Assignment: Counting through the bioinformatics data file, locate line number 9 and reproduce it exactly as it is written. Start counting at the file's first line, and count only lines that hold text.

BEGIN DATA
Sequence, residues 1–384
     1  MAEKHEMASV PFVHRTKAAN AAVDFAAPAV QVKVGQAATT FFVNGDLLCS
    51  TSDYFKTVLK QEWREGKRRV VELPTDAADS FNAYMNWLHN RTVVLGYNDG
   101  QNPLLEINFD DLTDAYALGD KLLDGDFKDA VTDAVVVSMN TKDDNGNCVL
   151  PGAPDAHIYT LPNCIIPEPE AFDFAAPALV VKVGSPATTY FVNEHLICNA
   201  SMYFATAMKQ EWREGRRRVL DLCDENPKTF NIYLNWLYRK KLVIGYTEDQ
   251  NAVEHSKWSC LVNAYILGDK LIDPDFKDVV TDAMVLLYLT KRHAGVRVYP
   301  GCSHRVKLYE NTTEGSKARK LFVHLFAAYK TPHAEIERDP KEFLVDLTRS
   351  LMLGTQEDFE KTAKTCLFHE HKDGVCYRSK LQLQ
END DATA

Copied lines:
   351  LMLGTQEDFE KTAKTCLFHE HKDGVCYRSK LQLQ